A neglected piece of nostalgia and Americana is the origin of street names. We give directions, our home address, or mention events that happened on particular streets with no afterthought. However, many street names have deep history and/or interesting stories behind them. How did they come about? Are they randomly assigned names? What exactly is a “Coggeshall”? Purchase Street is called so because that’s where people bought merchandise, right? William Street is named after some famous historical personage named William or is it a last name? Union Street? Is it named after an actual Workers Union or did it come about because of the Civil War?
Each week I hope to shine some light on the origins and history of street names. Some will be dull, others exciting, but all will be a light hearted journey through the history of the region. If you read these installments, learn a bit about local history and historical figures and maybe walk down these streets with a slightly different outlook, our mission will have been accomplished. Many of the streets are named after families that are still extant in the area, and hopefully you come away with a greater appreciation for the last names of friends or even your own family.
Since the history of the area is so vast, I would encourage our readers to share any tidbits of information they may have, even if only anecdotal. Let’s discover and explore together. We could build a local resource that contributes to the community.
This week we’ll take a journey down William street. Our inaugural street turned out to be an incredibly daunting task. Most street names that are named after a person borrow the surname. In this case, a person’s first name was used. There is an obvious difficulty associated with researching a street named after a person’s first name.
The history of William street goes back before the history of New Bedford as a city or even a town. It also begins, as is often the case with the origins of New Bedford with the Russell, Kempton and Allen families. We’ll get to them in a moment. Let’s set up our series.
New Bedford’s Earliest European Arrival
The first instance of a European setting foot on soil that would eventually be called New Bedford, was an Englishman named Bartholemew Gosnold in May of 1602. Gosnold is known for giving Cape Cod and Martha’s Vineyard their names. Cape Cod for its abundance of the fish, and Martha’s Vineyard named after his beloved daughter. The spot where Gosnold first landed in the local area is what is called Round Hill in Dartmouth. Eventually he made it to that harbor where New Bedford is today, before heading back to England in June of 1602. However, he had paved the way for the many Europeans to follow that came to the region.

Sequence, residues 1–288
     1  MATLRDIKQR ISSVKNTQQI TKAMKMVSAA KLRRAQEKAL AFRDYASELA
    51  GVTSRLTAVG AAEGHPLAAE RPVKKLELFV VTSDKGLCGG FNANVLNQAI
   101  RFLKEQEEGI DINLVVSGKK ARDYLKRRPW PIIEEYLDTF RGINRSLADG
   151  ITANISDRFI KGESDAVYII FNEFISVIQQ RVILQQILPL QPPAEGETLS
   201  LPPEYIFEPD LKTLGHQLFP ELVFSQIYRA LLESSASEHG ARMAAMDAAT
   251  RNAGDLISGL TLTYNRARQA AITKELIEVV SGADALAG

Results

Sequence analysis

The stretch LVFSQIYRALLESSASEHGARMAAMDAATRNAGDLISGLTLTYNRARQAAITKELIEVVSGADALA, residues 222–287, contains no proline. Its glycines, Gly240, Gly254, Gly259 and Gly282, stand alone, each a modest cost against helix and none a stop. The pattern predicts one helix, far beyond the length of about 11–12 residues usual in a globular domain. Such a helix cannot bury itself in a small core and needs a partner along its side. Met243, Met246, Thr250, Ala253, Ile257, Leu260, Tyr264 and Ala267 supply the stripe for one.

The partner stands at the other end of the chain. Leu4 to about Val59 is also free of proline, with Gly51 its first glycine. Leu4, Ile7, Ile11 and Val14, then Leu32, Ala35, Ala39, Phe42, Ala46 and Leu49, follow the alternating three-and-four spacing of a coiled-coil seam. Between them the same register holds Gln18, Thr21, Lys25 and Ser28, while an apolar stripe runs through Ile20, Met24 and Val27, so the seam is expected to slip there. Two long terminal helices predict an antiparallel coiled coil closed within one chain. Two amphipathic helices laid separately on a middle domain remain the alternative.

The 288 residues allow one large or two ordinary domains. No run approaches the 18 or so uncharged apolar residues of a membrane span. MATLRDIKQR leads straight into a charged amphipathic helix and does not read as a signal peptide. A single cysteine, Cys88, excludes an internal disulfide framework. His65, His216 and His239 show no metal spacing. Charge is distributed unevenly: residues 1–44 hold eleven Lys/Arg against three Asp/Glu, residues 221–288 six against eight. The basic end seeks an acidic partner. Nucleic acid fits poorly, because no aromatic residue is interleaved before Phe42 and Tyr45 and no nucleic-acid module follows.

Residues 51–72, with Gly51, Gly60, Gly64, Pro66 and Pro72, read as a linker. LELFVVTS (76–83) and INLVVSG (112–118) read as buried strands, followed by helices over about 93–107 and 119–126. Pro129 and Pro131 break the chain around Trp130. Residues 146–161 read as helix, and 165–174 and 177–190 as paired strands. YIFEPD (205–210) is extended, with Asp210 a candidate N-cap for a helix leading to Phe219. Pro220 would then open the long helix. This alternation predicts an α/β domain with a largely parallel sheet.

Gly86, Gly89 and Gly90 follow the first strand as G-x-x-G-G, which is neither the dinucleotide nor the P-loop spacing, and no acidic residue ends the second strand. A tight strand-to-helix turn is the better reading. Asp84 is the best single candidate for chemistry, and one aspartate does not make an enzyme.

In the early 1600s waves of Pilgrims and Puritans began to arrive and settle in the region. By 1628 John Endecott settled at Salem and began the Massachusetts Bay Colony. In 1630 John Winthrop brought over 900 people to settle the Massachusetts Bay Colony, and by 1640 more than 20,000 colonists came to New England. Settlers headed into the interior of the continent, and made their way to area that would be New Bedford.
Dartmouth Township; First Families
On March 7th, 1652, the region called by the local Wampanoag tribe “Acushnea, Ponagansett, and Coaksett” was sold to elders of what was called Plymouth Colony. Familiar names like William Bradford, Captain Myles Standish, Thomas Southworth, John Winslow, John Cooke, crop up as part of this group. Wampanoag sachem Massasoit and Wamsutta sold this land to the elders for “thirty yards of cloth, eight moose skins, fifteen axes, fifteen hoes, fifteen pairs of shoes, one iron pot, and ten shillings’ worth of assorted goods.” The land was dubbed Dartmouth and comprised of what would eventually become Westport, Fairhaven, Acushnet, and New Bedford. Settlers arrived in droves and the area of Dartmouth would be incorporated in 1664. Families like the Russells, Kemptons, Hathaway, Howlands, Aldens, and others would begin to make their presence known.
Between 1700-1750 the Russells, Kemptons, and Allens, who owned large parcels of land and cattle would start many businesses and begin to develop the area of Bedford Village. The first areas settled and developed were on the western side of the Acushnet river within what is now downtown, and particularly along what is now called County Street. Joseph Russell gave New Bedford its name after the Duke of Bedford-a relative that was involved in Whaling. As there was already (and still is) a Bedford,
Massachusetts the town was dubbed New Bedford.
The first mention of William Street that I could find went back to 1714 with a description of how the Kempton family and the Russell family would have their estates and properties deeded and bounded. A boundary line that was between Elm and William street split the Kemptons to the North and the Russells to the south. Joseph Russell was born in 1719 and lived at the head of William Street. So by the early 18th century the street has been named already. So which Williams were known in the almost hundred year span from Gosnold to 1714?